I guess I’m really not sure how smart our dog Abbie is.
I mean, of course I’d like to believe she’s the canine Einstein (a great name for a rock band, by the way).
But really, how can you tell? It’s not like you can give her some kind of doggie IQ test (I’m quite certain she can’t even hold a #2 pencil).
I suppose I could base it on her behavior. But even then, it’s hard to reach a definitive conclusion.
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One minute she’ll be showing off her smarts by slowly tapping the back door to indicate her interest in going outside. But then ten minutes later, I’ll stand there and watch as she insists on eating some of the horse poop she just found on the trail in the back woods.
She is smart enough to have figured out one thing, however: If you want food, don’t bother waiting by your food dish.
Here’s what I mean…
We feed Abbie twice a day: Once in the morning and once at lunchtime, around 12:30. By noon, if you happen to be in the house, Abbie will begin harassing you.
Subtly at first – looking sideways at you, following you around, pushing on you, etc. As 12:30 approaches though, and if you still haven’t fed her, she’ll be in your face like a vote-hungry politician in late October.
The point is, even though she knows that the food ultimately arrives in her bowl, she looks to people – not the bowl itself – to bring the meal. She understands the relation between cause and effect.
Now I don’t mean to suggest that Abbie is smarter than you. Nor am I implying that you have anything but a modest and appropriate interest in horse manure (you do subscribe to this newsletter, after all).
I am saying, however, that in my experience, many solo professionals in search of clients pay way to much attention to the bowl (i.e., prospects) and not nearly enough attention to the people who keep it filled (i.e., their existing relationships).
It seems like it makes sense to focus on prospects. After all, prospects become clients and clients are the ones who write the checks.
But there’s an earlier step, a step which if focused on consistently and thoroughly, keeps the prospect/client/money machine turning. It’s called “staying in front of the people you know.”
Not “people who are likely to buy today” (or even ever).
I’m talking about a much larger group – “people you know.” The 500 or so co-members of the human race whom you’ve gotten to know in the course of your professional and personal life … and that you routinely ignore:
- The people who send you an e-mail with a quick question that you don’t bother answering (you’re too busy chasing prospects).
- The people who publish a newsletter with something useful or intriguing that you don’t bother replying to with a comment (you’re too busy chasing prospects).
- The people you’re connected with on LinkedIn who mention that they just got a new job and whom you ignore (you’re too busy chasing prospects).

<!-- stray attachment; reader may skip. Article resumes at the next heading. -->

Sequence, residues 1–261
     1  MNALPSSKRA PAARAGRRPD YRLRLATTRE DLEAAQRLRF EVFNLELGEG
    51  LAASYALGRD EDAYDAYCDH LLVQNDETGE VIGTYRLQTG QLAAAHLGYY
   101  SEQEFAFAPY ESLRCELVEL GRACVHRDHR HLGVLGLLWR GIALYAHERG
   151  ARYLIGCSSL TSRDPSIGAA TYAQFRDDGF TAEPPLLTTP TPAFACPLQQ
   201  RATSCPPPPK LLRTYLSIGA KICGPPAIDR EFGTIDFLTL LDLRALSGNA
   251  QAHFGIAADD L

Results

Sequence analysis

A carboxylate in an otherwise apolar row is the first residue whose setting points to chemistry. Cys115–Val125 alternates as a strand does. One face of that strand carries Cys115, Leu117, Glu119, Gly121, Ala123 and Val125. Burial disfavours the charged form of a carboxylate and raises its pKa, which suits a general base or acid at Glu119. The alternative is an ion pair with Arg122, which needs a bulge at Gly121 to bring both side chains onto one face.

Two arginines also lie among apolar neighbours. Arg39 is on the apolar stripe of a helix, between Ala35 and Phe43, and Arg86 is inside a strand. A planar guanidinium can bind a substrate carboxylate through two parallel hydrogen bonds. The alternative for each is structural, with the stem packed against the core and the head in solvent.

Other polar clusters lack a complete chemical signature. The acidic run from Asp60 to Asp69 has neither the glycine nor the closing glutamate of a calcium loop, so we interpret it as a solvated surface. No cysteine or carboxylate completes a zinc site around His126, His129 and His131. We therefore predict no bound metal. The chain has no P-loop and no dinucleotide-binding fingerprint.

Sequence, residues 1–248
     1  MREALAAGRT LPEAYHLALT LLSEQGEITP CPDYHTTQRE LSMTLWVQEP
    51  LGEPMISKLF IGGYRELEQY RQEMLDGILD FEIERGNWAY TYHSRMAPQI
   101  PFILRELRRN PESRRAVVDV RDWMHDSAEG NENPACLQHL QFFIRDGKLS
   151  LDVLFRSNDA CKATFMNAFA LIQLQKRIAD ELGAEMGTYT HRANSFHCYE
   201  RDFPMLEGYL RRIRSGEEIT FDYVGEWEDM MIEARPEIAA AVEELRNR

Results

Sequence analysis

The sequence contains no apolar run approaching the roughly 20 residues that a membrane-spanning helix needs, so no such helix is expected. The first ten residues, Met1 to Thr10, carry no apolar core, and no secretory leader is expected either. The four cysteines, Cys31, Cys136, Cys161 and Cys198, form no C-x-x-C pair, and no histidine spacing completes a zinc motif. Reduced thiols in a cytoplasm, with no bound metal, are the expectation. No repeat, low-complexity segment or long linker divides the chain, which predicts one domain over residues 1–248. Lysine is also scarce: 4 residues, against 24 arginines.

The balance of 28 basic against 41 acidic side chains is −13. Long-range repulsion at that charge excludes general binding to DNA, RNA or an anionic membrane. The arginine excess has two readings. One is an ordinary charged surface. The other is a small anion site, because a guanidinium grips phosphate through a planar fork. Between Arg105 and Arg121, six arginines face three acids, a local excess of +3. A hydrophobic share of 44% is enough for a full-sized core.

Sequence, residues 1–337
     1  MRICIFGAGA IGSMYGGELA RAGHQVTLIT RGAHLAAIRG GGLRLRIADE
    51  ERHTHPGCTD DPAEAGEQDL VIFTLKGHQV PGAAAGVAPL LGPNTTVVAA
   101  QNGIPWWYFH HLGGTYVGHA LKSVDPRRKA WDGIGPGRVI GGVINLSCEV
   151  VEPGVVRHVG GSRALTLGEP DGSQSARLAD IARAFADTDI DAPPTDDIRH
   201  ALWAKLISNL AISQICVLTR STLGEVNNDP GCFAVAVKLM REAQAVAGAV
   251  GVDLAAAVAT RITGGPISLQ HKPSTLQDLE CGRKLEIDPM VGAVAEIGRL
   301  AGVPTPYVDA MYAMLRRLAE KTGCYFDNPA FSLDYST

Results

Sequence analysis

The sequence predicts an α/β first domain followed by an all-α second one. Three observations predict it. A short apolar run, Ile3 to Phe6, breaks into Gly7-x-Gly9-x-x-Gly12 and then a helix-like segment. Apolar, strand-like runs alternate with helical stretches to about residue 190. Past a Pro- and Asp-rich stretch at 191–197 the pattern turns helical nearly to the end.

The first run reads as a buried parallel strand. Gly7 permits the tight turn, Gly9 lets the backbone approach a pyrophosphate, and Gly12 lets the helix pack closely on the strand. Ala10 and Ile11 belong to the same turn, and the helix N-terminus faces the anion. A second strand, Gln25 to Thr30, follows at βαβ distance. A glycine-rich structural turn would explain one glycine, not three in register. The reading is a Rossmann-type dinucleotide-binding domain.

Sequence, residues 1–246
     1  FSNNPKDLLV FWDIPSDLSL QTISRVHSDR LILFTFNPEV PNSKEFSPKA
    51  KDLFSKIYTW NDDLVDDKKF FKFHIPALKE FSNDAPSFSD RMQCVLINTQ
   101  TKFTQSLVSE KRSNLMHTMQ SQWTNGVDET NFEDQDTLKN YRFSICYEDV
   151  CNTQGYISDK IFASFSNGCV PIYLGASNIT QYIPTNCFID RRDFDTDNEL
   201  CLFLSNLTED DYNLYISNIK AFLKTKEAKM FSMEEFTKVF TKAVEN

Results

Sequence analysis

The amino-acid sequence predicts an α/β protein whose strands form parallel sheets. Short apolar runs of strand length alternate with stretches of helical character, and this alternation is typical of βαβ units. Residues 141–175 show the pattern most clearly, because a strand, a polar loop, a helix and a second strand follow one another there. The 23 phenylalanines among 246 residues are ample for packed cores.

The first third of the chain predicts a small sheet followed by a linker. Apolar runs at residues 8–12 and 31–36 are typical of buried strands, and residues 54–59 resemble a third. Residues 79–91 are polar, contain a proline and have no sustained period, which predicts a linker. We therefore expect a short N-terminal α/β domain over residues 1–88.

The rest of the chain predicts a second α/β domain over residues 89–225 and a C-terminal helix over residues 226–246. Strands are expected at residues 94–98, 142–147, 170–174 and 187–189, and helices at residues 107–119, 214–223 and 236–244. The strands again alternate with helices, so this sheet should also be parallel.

Here’s the bottom line. I know you’ve got a lot going on every day. And so it may seem more efficient to prioritize your marketing efforts and “go where the business is.”
The problem with this narrow, nothing-but-the-final-step-in-the-process focus is that it’s the business development equivalent of standing by an empty dog food dish.
It ignores the fact that it’s the people you already know – the ones who move along the continuum from loose acquaintance to colleague to friend to fan – who ultimately buy from you and/or send others your way.
Take it from Abbie: If you want to eat on time every day, step back from the food bowl and go find the people with the ability to fill it.
Great newsletter Michael, and expect to hear from a couple of entertainers that I sent it on to. I stay in touch with my peeps through postcards, email or phoning them as their dates from past events approach. I publish a newsletter sporadically, and hope to do more religiously now that my database is together. I am “out and about” with my face painted, seeing clients all the time. if nothing else….they know I love to paint and I believe that everyone should get their face painted…it’s not just for kids anymore.
I am on FACEBOOK and try to update my blog/web site at least once a month. I responde to everyone’s photos, comments and special Status reports on FaceBOOK, and try to get on linked in weekly.
Thank you again for all your help.
You are one hard working woman, Diane! Great examples. Keep pedaling!!!
Great analogy and very smooth tie-up at the end. Love it. Great advice.
Abbie and I thank you, Alexandre!
I love your newsletter. I feel like I learn something every week – and I enjoy reading it, too! Great job with this edition.
Thanks Melody! Glad you find it useful.
I’m a fan Michael and I enjoyed this one. And as the friend of a female Golden Retriever (we’re both Scottish and living in the Philippines) it caught my eye.
I’ll send this one round again.
Thanks Alan. And truth be told, our Abbie is actually a Lab/Golden mix (we think). She arrived to us used and has a somewhat checkered past!
Michael and Abbie, especially loved this newsletter — as you know, I think dogs (and all animals) can teach us humans a boatload of lessons. Now when Grace approaches me looking for dinner, I will remember this very important marketing tip. Thank you both!
My pleasure, Robin. Regards to Grace!
There’s a LOT of info out there aimed at helping us freelancers, but your post above is the most useful and original I’ve read all week. Thanks.
All week? I was hoping you were going to say in your entire lifetime. (thank you)